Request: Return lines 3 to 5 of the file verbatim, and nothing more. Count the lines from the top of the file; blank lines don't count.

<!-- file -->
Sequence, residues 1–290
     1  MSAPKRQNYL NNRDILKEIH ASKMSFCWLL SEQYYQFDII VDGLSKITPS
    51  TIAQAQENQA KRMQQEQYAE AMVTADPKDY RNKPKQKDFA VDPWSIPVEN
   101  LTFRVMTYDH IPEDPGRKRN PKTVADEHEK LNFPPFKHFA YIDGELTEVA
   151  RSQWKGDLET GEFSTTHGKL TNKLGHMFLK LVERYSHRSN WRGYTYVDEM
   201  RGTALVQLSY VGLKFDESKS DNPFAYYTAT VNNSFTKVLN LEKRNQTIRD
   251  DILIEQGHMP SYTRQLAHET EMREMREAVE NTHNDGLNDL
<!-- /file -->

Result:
    51  TIAQAQENQA KRMQQEQYAE AMVTADPKDY RNKPKQKDFA VDPWSIPVEN
   101  LTFRVMTYDH IPEDPGRKRN PKTVADEHEK LNFPPFKHFA YIDGELTEVA
   151  RSQWKGDLET GEFSTTHGKL TNKLGHMFLK LVERYSHRSN WRGYTYVDEM